fluctuated a great deal. Parental education One finding of interest was that girls showed
and income were, however, significantly a higher level of role-taking skills at an
related to the mental development of earlier age than boys (Behl, 1976).
children after the age of two (Pathak, 1790).
The conservation abilities of children
Nutritional status has been found to be have been studied, using Piagetian tasks.
linked with mental development. Children By and large, the studies are replications
suffering from marasmus during infancy which support the theory (Rao, 1976). When
showed lowered scores on measured matched on mental age, the upper SES
intelligence but the difference was not children performed better on conservation
significant. The evidence indicates that the tasks than children from the lower SES.
lag seen in malnourished children of their Conservation ability was also positively
inter-sensory integrative functions puts them related to academic achievement. No sex
at a definite disadvantage in developing differences were found (Kapur, 1972).
learning skills and profiting from the School and non-school children of the same
complex sensory stimulation provided by age were used as samples for a study on
the educational environment (Ghai et al, conservation of mass, liquid and number.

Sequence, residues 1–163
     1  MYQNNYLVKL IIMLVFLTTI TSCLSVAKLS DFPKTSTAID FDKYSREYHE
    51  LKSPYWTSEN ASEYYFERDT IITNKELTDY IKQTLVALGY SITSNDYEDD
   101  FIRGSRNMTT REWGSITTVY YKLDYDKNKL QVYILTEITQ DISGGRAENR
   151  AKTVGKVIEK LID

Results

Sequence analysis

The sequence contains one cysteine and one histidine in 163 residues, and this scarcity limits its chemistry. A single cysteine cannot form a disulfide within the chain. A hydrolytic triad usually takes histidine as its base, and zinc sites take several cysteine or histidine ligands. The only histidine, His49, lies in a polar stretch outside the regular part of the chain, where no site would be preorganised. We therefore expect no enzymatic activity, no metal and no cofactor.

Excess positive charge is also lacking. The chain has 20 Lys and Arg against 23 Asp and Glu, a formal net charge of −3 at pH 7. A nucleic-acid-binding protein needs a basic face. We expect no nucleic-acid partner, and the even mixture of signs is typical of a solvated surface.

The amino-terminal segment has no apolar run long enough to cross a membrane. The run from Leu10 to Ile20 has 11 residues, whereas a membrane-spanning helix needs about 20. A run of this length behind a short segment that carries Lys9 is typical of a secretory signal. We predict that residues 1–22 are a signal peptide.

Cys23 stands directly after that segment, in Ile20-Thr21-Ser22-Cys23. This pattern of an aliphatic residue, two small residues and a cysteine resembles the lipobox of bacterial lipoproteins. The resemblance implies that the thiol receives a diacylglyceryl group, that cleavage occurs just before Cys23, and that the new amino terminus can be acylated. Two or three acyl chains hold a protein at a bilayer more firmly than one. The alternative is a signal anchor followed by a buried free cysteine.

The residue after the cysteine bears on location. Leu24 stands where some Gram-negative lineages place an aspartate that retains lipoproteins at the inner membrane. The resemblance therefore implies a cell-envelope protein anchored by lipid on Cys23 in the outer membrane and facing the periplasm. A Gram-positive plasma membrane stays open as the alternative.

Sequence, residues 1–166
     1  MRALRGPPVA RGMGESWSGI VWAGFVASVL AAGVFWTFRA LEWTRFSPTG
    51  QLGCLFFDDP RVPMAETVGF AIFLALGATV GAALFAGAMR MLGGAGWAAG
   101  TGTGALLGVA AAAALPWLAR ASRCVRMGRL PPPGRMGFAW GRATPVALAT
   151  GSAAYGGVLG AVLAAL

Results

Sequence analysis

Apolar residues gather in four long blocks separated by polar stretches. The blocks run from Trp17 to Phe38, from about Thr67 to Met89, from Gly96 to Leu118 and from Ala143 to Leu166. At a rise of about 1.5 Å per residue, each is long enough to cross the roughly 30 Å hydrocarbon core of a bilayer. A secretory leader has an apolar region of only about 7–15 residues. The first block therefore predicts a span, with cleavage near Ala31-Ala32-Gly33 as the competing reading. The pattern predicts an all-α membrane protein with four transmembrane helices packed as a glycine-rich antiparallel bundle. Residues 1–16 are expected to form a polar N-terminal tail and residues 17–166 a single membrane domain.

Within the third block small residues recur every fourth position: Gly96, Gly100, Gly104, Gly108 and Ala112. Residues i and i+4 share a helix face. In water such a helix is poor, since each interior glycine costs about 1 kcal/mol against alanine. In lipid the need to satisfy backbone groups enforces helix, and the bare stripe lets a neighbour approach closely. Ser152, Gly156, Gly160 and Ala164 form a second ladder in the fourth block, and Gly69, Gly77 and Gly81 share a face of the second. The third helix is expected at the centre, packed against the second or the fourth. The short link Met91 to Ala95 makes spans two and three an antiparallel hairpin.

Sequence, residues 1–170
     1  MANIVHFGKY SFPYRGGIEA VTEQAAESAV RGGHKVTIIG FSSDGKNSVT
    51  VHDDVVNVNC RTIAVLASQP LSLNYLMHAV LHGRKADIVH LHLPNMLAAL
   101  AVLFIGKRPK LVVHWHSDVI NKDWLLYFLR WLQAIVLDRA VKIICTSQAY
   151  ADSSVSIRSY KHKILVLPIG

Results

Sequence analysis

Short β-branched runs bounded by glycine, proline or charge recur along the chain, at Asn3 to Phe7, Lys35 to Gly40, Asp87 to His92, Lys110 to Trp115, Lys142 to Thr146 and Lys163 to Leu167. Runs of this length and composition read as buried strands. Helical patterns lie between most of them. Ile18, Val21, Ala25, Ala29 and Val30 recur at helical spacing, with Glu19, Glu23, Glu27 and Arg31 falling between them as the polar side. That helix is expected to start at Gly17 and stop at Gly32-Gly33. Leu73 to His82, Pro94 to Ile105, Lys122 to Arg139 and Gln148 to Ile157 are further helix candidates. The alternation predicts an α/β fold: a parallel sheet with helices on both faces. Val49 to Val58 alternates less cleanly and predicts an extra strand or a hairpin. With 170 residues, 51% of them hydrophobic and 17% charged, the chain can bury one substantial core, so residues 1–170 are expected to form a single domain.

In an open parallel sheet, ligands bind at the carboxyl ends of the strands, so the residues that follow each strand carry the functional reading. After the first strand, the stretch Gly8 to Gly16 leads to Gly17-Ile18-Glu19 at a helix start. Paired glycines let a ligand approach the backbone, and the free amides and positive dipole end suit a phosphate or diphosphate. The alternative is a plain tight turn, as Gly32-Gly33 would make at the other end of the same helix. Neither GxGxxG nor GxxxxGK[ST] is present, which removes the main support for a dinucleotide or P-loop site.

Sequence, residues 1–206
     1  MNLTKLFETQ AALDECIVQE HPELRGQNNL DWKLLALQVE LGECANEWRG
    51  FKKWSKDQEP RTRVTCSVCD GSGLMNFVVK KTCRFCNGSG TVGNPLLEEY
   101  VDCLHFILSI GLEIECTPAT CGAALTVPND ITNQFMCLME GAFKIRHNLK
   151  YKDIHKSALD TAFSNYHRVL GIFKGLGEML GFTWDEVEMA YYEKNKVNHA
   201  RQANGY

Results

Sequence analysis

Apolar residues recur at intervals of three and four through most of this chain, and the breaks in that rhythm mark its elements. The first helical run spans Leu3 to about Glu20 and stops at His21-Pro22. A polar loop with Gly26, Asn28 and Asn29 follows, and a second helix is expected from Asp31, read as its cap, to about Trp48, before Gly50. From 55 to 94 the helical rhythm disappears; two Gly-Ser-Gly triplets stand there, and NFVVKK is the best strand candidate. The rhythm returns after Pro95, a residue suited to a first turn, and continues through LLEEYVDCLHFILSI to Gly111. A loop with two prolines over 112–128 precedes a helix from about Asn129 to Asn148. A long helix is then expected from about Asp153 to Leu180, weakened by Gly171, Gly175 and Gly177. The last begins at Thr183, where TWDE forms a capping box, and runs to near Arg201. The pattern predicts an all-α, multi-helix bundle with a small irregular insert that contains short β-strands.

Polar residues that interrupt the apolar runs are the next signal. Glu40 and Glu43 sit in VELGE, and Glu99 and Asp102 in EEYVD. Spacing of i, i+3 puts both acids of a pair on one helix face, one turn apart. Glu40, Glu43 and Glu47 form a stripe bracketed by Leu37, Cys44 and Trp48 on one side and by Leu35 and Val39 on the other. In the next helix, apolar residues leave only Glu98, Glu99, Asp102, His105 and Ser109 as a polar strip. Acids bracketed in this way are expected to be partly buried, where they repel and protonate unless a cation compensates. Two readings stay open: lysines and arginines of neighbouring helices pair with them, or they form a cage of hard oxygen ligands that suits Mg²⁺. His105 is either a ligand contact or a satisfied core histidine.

1973).
Schooling, per se, was found to have no
A study undertaken to investigate the effect on conservation ability which, it was
effects of various types of programmed argued, could be because of the quality
preschool experiences on concept formation, of schooling being poor or the kind of out-
and personal-social adjustment, found of-school experiences being good for the
that when children were exposed to struc- development of conservation ability (Ahmed,
tured learning situations and to incidental 1973). Conservation ability of primary
learning experiences, both groups showed school children was studied in relation
a higher level of acquisition of concepts to comprehension and appreciation of
than children who had been exposed to humour as measured by a tool consisting
neither of these preschool situations.
of 15 humour stimuli. Conservation ability

RECENT RESEARCH ON THE YOUNG CHILD
303
21/2 to 4 years of age (Rao and Ananda-
in the acquisition of language (Hindi)
lakshmy, 1973). The children in both groups followed universal patterns of language
used a simple sentence structure (Restricted development. The children did not use the
Code) more frequently. When talking to two linguistic systems separately but tended
adults, all children made the speech structure to use words from both as a composite
more elaborate, than while talking to peers. language (Bedi, 1976).
The major findings were that specific
Another study dealt with switching of
situational variables were more important codes of bilingual children (Marathi and
determinants of speech style especially when Hindi), in relation to the role of the person,